The development of mélodie in the nineteenth-century was reflected in a group of French pieces, from a singer feeling a natural affinity for the genre. Gounod’s Italianate writing in ‘Le soir’ found him most at home, and there were moments when he showed the ability to reduce his tone to a whisper, others when he opened up. Fauré responds best to, indeed demands, understatement, and even in the early ‘Après un rêve’ the partnership offered too much interpretation. A pianist clearly committed to the grand gesture was always likely to overdo things here and Berrugi was not free of exaggeration in his treatment of the dynamics. Duparc’s ‘Phidylé’ was a different story. Instinct and stylishness were united in an admirable reading. Pessen created a lush bed of tone upon which the voice could comfortably rest; the poet’s extended depiction of the sensuous world around was overwhelming.

The most unusual item, indeed one of the most imaginative recital choices I have heard, was the four songs in the Ladino language, traditional texts from the fifteenth-century, here arranged for voice and piano and performed in Art Song style. Ladino is the language spoken by the Sephardic Jews expelled from Spain in 1492 and who thereafter settled around the Mediterranean rim. As this is an oral tradition the author(s) are impossible to establish. The version performed is one that gives the piano plenty of scope for display, with lengthy solo passages and thumping rhythms which suggested both mediaeval instruments and dance. This quartet included a desperate lamentation on approaching death, conveyed through a string of melismas and a ppp conclusion. There followed a song on the theme of captivity. Finally came a love-song, well adapted to exploit the tenor voice, finishing with a powerful summons to the beloved. Those of us who attend a lot of vocal recitals tend to take for granted the amount of memorising that must go into them for the singer but on this occasion Berrugi’s achievement of learning his lines deserves to be acknowledged, for what was no easy task in this presumably unfamiliar language.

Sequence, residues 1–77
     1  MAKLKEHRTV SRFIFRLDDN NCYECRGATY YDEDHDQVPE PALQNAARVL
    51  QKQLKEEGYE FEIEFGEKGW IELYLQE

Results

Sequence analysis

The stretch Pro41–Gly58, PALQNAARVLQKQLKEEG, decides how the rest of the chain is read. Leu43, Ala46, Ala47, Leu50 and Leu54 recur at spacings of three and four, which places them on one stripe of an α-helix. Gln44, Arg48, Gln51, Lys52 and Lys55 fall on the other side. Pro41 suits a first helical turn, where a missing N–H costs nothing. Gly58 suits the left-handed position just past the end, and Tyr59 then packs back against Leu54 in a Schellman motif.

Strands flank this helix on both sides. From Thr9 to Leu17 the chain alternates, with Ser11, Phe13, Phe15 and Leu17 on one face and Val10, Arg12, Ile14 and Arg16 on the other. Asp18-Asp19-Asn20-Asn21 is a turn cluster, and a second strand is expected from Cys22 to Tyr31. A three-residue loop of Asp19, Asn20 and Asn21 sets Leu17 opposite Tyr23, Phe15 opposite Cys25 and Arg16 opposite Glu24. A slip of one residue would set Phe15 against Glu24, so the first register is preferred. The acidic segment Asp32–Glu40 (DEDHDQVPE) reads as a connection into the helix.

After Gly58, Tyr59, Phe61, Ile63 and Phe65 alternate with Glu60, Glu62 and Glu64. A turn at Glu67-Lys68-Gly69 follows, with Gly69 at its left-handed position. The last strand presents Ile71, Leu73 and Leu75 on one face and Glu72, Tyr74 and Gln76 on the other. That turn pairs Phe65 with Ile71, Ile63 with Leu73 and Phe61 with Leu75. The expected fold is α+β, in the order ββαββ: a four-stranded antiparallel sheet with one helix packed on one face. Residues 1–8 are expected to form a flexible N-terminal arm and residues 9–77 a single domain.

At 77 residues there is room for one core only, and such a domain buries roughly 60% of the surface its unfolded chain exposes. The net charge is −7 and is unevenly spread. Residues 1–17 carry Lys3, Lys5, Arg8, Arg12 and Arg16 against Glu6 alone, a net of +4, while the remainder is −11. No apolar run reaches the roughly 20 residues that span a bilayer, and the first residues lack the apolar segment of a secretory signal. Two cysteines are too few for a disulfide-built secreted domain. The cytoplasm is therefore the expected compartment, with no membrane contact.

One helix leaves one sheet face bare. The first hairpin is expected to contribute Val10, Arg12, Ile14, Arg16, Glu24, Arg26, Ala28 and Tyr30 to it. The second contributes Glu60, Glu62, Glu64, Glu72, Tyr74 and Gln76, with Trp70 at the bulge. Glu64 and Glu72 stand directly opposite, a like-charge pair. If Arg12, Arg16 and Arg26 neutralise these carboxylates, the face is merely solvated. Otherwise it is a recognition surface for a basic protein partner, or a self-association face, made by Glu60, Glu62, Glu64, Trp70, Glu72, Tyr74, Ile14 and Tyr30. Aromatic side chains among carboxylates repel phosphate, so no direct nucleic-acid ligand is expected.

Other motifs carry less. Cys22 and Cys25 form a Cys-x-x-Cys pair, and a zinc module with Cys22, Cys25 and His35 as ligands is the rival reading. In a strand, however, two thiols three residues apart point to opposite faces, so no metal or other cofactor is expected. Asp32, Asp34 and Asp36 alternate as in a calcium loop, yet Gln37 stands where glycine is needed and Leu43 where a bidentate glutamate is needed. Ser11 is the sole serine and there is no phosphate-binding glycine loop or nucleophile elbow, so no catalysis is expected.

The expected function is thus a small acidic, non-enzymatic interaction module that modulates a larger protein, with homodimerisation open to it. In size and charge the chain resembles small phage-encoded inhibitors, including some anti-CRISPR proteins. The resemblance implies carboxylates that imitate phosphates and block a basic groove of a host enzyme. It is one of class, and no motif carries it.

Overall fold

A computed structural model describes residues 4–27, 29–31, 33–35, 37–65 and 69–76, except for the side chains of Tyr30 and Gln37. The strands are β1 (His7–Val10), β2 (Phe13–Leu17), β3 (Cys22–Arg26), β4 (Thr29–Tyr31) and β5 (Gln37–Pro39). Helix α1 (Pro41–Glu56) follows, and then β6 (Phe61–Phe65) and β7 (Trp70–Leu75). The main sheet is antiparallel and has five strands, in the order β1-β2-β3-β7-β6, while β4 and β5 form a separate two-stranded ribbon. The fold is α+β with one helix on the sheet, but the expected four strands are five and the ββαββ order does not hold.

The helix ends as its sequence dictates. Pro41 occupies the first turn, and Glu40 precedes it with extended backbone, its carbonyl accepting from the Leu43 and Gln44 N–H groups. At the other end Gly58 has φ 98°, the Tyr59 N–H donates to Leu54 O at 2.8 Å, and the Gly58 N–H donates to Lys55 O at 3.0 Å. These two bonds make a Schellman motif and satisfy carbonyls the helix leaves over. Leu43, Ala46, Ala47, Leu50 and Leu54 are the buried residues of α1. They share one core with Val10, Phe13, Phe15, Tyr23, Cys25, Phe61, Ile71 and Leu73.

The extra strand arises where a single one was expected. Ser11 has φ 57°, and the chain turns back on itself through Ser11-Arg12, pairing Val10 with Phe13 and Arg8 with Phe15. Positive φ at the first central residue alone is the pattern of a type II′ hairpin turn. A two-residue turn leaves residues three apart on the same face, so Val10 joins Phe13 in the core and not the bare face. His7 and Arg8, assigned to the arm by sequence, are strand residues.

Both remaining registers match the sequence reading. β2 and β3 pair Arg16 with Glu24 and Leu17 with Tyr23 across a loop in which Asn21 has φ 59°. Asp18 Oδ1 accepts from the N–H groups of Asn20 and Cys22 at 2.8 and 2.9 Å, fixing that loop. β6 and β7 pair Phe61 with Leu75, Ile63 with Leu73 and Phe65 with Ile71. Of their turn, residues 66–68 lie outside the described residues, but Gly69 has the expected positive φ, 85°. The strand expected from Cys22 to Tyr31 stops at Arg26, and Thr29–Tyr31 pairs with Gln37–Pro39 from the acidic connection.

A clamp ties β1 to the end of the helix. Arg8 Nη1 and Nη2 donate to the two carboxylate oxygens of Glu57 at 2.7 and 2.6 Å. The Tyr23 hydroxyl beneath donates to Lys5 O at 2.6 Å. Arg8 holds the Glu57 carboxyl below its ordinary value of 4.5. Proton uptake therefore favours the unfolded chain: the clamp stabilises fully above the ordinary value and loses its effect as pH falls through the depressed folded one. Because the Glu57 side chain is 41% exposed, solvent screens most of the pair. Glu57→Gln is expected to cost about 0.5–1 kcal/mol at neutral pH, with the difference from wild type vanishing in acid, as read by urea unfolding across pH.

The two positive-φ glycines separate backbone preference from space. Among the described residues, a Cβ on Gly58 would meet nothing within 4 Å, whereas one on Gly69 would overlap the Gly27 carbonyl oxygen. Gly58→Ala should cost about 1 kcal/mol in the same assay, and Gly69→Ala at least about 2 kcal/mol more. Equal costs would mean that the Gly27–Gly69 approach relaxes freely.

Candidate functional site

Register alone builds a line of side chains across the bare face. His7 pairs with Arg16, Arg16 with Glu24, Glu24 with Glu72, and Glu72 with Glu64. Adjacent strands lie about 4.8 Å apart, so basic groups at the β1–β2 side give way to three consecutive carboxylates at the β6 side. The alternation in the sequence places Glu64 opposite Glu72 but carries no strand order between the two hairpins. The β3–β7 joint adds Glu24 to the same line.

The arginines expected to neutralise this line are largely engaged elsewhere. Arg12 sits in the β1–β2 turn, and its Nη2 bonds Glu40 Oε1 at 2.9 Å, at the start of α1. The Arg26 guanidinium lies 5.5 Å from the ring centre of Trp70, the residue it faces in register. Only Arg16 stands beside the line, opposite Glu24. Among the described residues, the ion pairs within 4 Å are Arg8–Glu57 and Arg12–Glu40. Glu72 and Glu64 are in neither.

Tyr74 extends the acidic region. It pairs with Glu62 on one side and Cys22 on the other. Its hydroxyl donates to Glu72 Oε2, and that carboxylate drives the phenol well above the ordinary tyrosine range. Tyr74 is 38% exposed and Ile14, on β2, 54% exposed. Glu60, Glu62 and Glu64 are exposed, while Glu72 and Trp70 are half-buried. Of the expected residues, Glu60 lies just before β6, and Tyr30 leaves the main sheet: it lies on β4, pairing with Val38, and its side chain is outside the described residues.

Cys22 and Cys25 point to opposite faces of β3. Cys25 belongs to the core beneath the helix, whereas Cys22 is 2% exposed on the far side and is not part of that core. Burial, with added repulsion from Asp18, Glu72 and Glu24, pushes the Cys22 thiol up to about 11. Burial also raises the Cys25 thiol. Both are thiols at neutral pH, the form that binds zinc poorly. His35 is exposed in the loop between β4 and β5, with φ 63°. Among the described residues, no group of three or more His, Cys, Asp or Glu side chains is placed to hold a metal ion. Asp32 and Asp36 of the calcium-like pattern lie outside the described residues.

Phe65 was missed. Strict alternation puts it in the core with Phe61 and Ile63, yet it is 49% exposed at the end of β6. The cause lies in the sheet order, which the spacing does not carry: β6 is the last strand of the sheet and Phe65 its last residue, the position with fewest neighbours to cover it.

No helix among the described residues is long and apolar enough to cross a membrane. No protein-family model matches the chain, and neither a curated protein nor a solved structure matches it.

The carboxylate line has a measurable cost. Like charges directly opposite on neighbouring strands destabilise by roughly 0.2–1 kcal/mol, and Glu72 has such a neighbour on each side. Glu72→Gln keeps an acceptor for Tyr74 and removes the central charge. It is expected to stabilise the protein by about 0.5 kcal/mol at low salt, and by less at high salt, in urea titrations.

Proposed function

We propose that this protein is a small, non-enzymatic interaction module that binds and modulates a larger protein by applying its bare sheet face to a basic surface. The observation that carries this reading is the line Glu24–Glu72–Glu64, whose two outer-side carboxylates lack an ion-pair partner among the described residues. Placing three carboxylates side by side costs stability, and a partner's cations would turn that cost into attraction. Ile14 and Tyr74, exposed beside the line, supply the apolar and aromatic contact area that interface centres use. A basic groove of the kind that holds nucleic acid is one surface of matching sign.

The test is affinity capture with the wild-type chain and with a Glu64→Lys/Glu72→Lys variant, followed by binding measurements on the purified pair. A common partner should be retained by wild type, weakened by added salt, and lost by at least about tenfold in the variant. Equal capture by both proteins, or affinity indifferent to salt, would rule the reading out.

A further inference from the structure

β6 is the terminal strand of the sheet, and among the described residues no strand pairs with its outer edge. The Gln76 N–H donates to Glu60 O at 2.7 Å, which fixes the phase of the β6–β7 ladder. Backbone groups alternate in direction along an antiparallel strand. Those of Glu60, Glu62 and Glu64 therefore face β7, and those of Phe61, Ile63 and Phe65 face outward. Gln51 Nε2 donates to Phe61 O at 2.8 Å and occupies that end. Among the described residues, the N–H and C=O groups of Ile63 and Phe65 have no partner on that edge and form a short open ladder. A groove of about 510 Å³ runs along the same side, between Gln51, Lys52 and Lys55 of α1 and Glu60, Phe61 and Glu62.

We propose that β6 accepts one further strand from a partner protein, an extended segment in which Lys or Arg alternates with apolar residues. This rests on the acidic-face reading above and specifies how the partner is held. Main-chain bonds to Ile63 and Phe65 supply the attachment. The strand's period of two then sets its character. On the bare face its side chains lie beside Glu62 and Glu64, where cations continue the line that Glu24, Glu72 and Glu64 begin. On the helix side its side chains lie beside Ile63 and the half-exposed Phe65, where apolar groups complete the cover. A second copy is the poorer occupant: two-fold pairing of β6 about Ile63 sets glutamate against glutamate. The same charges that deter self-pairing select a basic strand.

Operatic pieces were interspersed. The long phrases and sliding chromatics of ‘La dolcissima effigie’ were tackled with a pleasing assurance of technique. Even the hackneyed ‘E lucevan le stelle’ received its fair share of imaginative treatment, which augurs well for the bread-and-butter operas the tenor will spend much of his time singing. The French language was given a brief postscript in the substitute-aria Verdi wrote for Henri in the 1863 Paris revival of Les Vêpres siciliennes. Berrugi’s portrayal of Henri’s relentless despair was persuasive, his phrasing admirably extended but the strain he experienced on the top Bs left no doubt that the lyrico-spinto repertoire is not suitable fare for him at this stage of his development.

One reservation: the atmosphere of the opera house (or even the bull-ring!) has taken over these recitals, with cries of “Bravo” rather cheaply earned (the first on this occasion at the end of the opening item, a mere two and a half minutes in) and standing ovations becoming the rule rather than the exception. Predictably, it is the tenors who receive the most extreme enthusiasm. Berrugi has a stocky physique and cut something of a phlegmatic figure until he risked pushing his boundaries in the Neapolitan songs which were his first two encores ‘Tu ca nun chiagne’ and ‘Core ’ngrato’ (the third and last was ‘Una furtiva lagrima’, nicely voiced). I felt left out: great promise though he had shown, I would be fearful if he were to progress into too robust a repertoire, as his new-found fans would seem to desire.